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Dialogue Masterclass

July 12, 2015

I don’t know, I was going to do something with “hipster hop,” like, P to the B to the muthafuckin’ R; put your homemade ceramics in the air and glaze ’em like you just don’t care; a cataclysm of my artisanal jism got you questioning your feminism; I’m so trendy and original that even though I planned ’em / my references are so obscure that I don’t understand ’em; ride my bike to Trader Joe’s, later, hoes, whaaaat–but everyone’s kind of got the idea already just from this sentence, right?

When asked for a statement in response to the above paragraph, UBC was like, “We stand by our decision to include this person in the legitimate courses that we offer and can’t wait to have her name associated with a bunch of our things.”

I left my teaching job a month ago so I’d have time to focus on writing and reading for a while before the semester starts. Class registration was last month and for some reason that still isn’t clear to me I decided to sign up for playwriting. (Go ahead, spell it “playwrighting.” I DARE YOU, MOTHERFUCKER.) I’d planned to take nonfiction, which would have been a more obvious choice since I’ve written a nonfiction manuscript and 9004 blog posts and so on, whereas I’ve never written a play in my life. I’m a third of the way through the “how to write a play” book I took out of the library yesterday but I would still say I have way less than 33% of a clue. When I registered I was in this cavalier mood, like, Hey, I’ve read classical plays, it’s fun to write dialogue, I’ve been in situations of having to quickly catch up in a classroom, I’m too old and embittered to take grades seriously anymore, I want to light my nonfiction manuscript on fire and dance as it burns, so let’s try something different.

Here’s a little taste of something I’ve been working on this week:

JOHN: Hi, Jerry. [AUTHOR’S NOTE: John is friendly.]
JERRY: Hey, dude. How’s it goin’? [Jerry is a more casual kind of person, which comes through in his word choice and pronunciation]
JOHN: Pretty good. How about you? [John doesn’t really have time for a long conversation right now, as he’s on his way to a meeting. But, as mentioned previously, he is polite.]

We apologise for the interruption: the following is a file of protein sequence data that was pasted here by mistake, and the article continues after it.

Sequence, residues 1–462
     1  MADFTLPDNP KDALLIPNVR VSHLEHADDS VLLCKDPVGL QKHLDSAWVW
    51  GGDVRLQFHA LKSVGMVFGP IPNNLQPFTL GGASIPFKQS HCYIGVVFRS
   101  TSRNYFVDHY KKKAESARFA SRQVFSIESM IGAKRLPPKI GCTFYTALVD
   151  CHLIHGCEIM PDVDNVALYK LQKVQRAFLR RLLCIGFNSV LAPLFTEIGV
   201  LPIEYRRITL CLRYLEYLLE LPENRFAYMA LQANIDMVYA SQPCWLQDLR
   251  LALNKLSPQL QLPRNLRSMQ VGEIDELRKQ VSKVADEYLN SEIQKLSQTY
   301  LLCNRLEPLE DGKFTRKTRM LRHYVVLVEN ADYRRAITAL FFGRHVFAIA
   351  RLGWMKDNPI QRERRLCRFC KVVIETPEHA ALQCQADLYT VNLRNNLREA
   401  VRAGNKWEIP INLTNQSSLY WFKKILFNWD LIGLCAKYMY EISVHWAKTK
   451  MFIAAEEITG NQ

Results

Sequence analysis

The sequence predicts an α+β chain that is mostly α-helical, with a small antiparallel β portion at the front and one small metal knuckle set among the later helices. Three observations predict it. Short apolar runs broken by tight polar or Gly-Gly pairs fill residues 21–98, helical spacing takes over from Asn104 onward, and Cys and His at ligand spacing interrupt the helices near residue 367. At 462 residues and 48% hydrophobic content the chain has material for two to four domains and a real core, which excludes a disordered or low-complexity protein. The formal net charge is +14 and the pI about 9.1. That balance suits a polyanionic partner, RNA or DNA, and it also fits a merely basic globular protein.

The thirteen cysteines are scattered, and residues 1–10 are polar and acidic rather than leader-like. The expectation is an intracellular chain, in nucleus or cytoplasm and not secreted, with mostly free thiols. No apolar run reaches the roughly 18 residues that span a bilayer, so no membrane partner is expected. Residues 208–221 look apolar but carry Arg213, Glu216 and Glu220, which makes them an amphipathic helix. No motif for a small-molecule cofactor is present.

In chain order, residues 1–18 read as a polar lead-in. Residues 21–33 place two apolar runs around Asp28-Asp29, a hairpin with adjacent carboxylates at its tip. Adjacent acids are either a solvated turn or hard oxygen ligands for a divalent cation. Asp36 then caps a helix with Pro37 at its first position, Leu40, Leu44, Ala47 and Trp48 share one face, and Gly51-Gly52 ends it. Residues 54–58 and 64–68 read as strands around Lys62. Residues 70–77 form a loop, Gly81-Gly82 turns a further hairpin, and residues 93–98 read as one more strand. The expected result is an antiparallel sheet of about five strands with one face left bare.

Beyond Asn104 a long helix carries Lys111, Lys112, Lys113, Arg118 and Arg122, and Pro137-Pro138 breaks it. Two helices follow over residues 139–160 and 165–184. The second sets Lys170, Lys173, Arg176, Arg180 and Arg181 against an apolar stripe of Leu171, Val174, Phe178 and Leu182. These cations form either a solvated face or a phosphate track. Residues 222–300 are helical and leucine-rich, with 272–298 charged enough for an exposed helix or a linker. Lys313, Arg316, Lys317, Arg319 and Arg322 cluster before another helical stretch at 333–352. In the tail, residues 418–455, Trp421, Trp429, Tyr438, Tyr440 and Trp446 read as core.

JERRY: Not bad, man. Not bad at all, yo. [In fact, Jerry broke up with his girlfriend of seven years just last night, but he is a “macho” type and doesn’t want to talk about it as he’s afraid he’ll be perceived as effeminate if he demonstrates any sort of affection for a female.]
JOHN: That’s great! Well, I’m going to get going. Bye! [John is Caucasian.]
JERRY: No prob. See you around. [Jerry is feeling so lonely and overwhelmed that he wonders if it might not be better to just end it all. “Prob” is slang for “problem.”]
JERRY walks away, hiding all of his feelings.
JOHN (to the audience): I met Jerry in high school. By the way, I’m feeling insecure about my career because of offhand comments my boss has been making. If I lost my job my wife would leave me because she’s very materialistic.

(end scene)

Are there enough explanatory notes? I’m kind of worried about that. I want the audience to have a complete understanding of the conflict and emotions, as well as the background and personality information, so I thought notes would help to make it all clear.

I also enjoy the task of dissecting romantic relationships and writing conversations between lovers. In the next piece, a couple discusses meal options. This one hasn’t been edited as much but hey, every dramatic masterwork has to start somewhere, right?

DR. FAUSTUS: Babe, what’s for dinner?
BLANCHE DUBOIS: I was thinking we could order in.
DR. FAUSTUS: We’ve ordered in twice already this week. We need to start sticking to our budget. Isn’t there anything in the fridge?
BLANCHE DUBOIS: Dr. Faustus, I’m tired, okay? It’s been a really stressful week. It’s like 7:30 already and it’s a million degrees in here. That sushi place up the street is cheap; we could grab something there.
DR. FAUSTUS: You’re such a bitch.
BLANCHE DUBOIS: Come over here and fuck me right now. [He does.]

For that one I borrowed character names from some other plays I know of, but the characters themselves are totally original. That’s okay, right? If not, I can always change them during the editing process. Maybe my classmates will have some suggestions. What I was aiming for in that scene, in case it’s not obvious, was a really smooth progression from conflict to resolution. I *might* add one or two more lines before the sex starts up (if this play ends up being staged it will be a really tastefully done scene; don’t worry!) but it’s not for sure.

Anyway, I’m going to get back to work, but if anyone has any comments or suggestions, fire away! Writers are famously good at accepting criticism, so don’t be shy.

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One Comment leave one →
  1. Joaquín permalink
    July 13, 2015 12:58 pm

    Brilliant, as always.

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